Schools remained closed Tuesday in two towns north of Little Rock devastated by a tornado on Sunday that killed 16 people. Severe weather in the area also took the lives of about a dozen more in Mississippi, Tennesssee and Alabama.
Mike Simmons, the senior transportation manager at the Arkansas Department of Education, said Vilonia School District received the brunt of the storm as 10 people there were killed. The area suffered through another major tornado just three years ago.
"It's part of our weather pattern, and spring's always the worst," Simmons told STN. "There's a path that runs between Little Rock and Conway, and we call it Tornado Alley. When you live there, you know it's part of life. But it's tough. It's absolutely devastating what a tornado can do."
The Vilonia district said in a statement posted on its website that classes were again suspended Tuesday. Simmons added that a new multimillion-dollar middle school that had just been built was leveled.
"They hadn't even taken ownership yet," he said. "Everything in town is pretty well gone."
About 10 miles away, three people were killed in Mayflower, Ark. The school district said in a statement that the town's one elementary school suffered "very minor damage" and that buildings were left without water or electricity. Simmons said the area is calling for portable toilets as existing services have been rendered useless.
"There are so many things you don't think about," Simmons noted.
The town of Mayflower passed a sales tax to construct a so-called safe house that provided shelter to about 50 or 60 people during Sunday's twister, he added.
As far as training for tornado response, he said schools perform drills for students and faculty inside buildings, but there is little that can be done for school buses on the road.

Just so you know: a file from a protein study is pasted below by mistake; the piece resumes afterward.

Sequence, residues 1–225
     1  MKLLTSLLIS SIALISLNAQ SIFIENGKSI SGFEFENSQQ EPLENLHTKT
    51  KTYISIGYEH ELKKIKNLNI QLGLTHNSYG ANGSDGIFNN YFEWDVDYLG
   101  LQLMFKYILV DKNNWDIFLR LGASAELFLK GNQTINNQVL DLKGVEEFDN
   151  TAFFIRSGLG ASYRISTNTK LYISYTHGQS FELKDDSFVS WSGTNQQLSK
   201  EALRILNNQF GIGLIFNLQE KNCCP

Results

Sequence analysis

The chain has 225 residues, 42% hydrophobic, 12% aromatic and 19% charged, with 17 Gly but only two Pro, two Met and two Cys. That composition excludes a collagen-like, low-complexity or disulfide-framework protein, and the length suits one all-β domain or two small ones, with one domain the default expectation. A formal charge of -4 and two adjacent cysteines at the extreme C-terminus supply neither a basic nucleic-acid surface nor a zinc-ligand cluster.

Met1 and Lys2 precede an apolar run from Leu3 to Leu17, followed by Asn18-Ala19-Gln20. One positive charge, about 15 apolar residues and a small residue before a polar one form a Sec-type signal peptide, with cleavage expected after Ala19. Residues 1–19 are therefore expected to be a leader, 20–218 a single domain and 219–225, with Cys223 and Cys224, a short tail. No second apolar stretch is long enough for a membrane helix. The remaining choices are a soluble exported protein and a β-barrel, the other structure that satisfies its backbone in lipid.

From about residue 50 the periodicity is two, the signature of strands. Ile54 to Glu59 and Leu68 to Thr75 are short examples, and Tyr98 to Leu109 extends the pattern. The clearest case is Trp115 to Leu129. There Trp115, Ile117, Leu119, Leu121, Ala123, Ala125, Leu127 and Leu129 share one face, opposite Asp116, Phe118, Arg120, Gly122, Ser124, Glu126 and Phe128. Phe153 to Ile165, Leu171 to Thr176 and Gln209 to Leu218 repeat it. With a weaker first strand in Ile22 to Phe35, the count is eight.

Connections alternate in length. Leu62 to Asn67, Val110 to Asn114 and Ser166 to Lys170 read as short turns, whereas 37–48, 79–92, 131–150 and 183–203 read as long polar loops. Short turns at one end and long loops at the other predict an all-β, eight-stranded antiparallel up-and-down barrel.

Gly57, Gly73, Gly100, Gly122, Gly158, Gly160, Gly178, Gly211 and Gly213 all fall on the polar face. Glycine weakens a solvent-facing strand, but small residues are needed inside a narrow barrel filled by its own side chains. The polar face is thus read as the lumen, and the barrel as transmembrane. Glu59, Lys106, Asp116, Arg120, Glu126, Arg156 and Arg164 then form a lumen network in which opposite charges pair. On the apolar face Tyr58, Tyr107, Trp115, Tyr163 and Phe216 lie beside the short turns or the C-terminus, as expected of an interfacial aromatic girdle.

"We used to teach them to get under an overpass, but now they say 'don't do that,'" he explained. "The best thing to do is to keep [students] at school if you think it's going to happen."
The National Weather Service, FEMA and the American Red Cross all recommend driving at right angles away from the tornado, if possible, when caught in a vehicle. If you cannot continue driving, the next suggested response is to leave the vehicle immediately and seek shelter in a building or, if outside, in a low-lying area such as a ditch.
Simmons also said Arkansas Technical University offers one of the nation's few emergency management degrees, and he has considered working with the department to devleop a project "to figure out what to do."
In Alabama, the Bessemer City Schools bus garage was damaged by what appeared to be a direct hit from a tornado, said Brad Holley, the transportation program administrator for the state Department of Education. A special needs bus was also damaged when part of a wall fell on it (see photo, above), but there were no injuries. However, there were a couple of deaths Monday reported in Limestone County as a mother and son were killed in their trailer home.
Holley added that many school systems were closing early Tuesday because the next round of tornados was expected. Alabama Department of Education staff in the field, such as bus inspectors, were also on alert.